What is coming out of comments of persons much more law-trained than me is bringing me to some conclusions.
1. The actual law regarding copyright is easily appliable if we are talking about books. A book physically existing and a copy are two different things. Two files are exactly the same bits. A file can be copied in thousand of instances all equivalent, while a book will be different from a xerox. Problems of unlegal distribution of the copy are clearly found out when you can distinghish in between original and copy.
2. The same "physicity" implied in the aforementioned laws can be applied when I buy one thing in a country when it is legal and I bring it in a country where it is forbidden. There is a borderline in between the two lands which must be crossed, I have to declare the goods at custom. This does not apply to internet. If we were talking about digital copies which would remain digital copies, there could be a jurisdiction just for the web. The problem is that the digital copy can be transformed into a paper one, thus assimilable to a xerox of the book. If the book can be xeroxed legally in the land, there also the printed copy can exist. Otherwise the printed copy is unlegal.
In any case, to create this distinction in between the two things (xerox and printed copy) should be enough to add a header on all the pages (like what happens through sheetmusicarchive.net), which, IMHO, should also specify that the use of that copy is unlegal in <list of countries> until <year>. This list should be supplied by the publisher.
I volounteer to help in doing that work.
If we could then find a kind of agreement in between imslp and the publishers, something with a philosophy near to the creative commons or this kind of licenses, the statement regarding this licence should be printed out also.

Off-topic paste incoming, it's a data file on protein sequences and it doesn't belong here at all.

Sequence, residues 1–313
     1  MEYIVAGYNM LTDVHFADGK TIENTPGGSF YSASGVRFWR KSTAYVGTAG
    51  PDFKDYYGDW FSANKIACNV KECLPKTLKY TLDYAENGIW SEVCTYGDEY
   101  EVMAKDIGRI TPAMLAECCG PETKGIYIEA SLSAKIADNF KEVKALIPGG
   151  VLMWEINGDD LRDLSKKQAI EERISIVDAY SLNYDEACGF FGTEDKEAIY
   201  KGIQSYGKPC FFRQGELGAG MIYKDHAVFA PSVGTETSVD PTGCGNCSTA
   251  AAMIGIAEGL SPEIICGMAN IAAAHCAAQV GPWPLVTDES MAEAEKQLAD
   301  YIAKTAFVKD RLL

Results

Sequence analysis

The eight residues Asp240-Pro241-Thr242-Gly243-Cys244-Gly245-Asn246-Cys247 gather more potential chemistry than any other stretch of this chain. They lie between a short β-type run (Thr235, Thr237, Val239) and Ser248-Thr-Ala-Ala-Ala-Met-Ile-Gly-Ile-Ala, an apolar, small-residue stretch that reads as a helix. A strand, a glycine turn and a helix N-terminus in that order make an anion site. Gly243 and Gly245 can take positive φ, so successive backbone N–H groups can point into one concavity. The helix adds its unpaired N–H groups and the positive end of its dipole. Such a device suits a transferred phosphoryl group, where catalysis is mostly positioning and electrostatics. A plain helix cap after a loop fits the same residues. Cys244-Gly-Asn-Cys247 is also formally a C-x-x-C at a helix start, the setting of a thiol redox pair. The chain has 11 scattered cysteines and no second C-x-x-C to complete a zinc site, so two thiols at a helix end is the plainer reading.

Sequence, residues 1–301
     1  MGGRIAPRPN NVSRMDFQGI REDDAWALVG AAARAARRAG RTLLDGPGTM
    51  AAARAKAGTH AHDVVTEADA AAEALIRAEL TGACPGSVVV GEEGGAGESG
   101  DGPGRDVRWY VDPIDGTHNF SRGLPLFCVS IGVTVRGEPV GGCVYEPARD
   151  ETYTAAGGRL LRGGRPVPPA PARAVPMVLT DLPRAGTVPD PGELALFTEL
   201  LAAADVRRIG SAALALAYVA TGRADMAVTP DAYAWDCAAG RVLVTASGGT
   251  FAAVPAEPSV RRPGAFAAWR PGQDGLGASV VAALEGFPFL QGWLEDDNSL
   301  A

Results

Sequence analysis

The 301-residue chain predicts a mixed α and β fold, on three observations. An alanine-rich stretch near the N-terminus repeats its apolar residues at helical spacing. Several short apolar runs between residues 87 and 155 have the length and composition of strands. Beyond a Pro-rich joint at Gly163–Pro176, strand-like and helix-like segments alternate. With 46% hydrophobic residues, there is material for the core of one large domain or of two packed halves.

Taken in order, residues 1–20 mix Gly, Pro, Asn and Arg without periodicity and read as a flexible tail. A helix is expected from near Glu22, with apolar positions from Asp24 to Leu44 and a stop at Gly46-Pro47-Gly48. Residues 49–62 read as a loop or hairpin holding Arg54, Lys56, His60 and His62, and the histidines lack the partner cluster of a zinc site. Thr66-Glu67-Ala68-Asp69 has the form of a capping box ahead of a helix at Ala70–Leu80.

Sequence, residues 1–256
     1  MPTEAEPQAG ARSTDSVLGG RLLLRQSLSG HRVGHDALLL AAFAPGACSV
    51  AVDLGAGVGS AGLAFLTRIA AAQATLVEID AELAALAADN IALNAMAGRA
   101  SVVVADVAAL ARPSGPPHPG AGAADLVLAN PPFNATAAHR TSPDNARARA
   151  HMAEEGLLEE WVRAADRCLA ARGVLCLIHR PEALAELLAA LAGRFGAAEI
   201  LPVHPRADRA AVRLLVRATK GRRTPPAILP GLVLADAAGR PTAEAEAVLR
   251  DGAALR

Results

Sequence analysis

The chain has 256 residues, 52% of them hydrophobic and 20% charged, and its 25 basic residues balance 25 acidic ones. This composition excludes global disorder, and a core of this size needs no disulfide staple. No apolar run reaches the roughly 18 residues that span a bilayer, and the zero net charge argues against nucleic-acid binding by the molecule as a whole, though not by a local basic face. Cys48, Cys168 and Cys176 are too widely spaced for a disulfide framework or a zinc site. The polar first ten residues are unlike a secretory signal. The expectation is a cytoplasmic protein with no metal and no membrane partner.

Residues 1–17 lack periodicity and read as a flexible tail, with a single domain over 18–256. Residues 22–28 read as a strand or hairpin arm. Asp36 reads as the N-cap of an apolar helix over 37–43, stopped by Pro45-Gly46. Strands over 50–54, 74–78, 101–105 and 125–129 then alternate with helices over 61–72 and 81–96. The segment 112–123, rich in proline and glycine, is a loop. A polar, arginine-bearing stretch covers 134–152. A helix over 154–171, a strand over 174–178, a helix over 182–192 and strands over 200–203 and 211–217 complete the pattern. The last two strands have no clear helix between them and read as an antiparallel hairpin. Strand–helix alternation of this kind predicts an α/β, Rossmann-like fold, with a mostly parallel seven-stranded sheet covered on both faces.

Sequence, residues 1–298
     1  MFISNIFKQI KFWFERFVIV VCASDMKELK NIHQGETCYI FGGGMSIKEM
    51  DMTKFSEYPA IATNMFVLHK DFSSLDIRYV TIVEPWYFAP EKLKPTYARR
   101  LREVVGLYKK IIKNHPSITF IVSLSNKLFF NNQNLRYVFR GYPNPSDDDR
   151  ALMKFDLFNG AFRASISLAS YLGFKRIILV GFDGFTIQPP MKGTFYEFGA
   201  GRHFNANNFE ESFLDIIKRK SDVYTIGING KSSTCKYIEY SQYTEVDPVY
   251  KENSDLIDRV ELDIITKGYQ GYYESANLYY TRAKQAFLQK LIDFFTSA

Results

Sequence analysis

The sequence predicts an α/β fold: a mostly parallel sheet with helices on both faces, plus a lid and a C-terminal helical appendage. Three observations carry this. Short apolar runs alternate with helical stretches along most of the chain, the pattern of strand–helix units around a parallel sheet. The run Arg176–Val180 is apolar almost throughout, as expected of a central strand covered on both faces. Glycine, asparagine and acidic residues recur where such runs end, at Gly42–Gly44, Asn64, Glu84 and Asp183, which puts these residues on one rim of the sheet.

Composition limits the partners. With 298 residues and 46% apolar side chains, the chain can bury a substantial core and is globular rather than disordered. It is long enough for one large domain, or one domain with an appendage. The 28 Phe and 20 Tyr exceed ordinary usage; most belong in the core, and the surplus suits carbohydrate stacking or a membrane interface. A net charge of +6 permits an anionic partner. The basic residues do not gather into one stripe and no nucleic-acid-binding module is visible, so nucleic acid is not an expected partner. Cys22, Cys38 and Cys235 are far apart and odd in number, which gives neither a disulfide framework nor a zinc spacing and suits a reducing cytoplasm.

Lastly, I have another doubt: have not understood one more detail: if it is OWNERSHIP of a copy of a unlegal work, the person to be prosecuted is the owner of the copy if he belongs to a state which prohibits that. If it were so, the actual situation would be perfectly legal as it is. If, instead, the free distribution of a copy is comparable to sell it, imslp would be guilty as well, unless if I assume that when I am on the imslp homepage I am considered as I were in Canada, so I am legal until I do not download a copy of the file on my computer. But I do not know if this is feasible, because when I am browsing a site the files are temp files on MY computer, so I have already imported them in a country where they could not be legal, thus coming back to the vexata quaestio regarding ISP filtering.
I had never understood like now that the world needs an internationally agreed law apparate for the web. Local laws cannot be applied in any possible satisfactory way.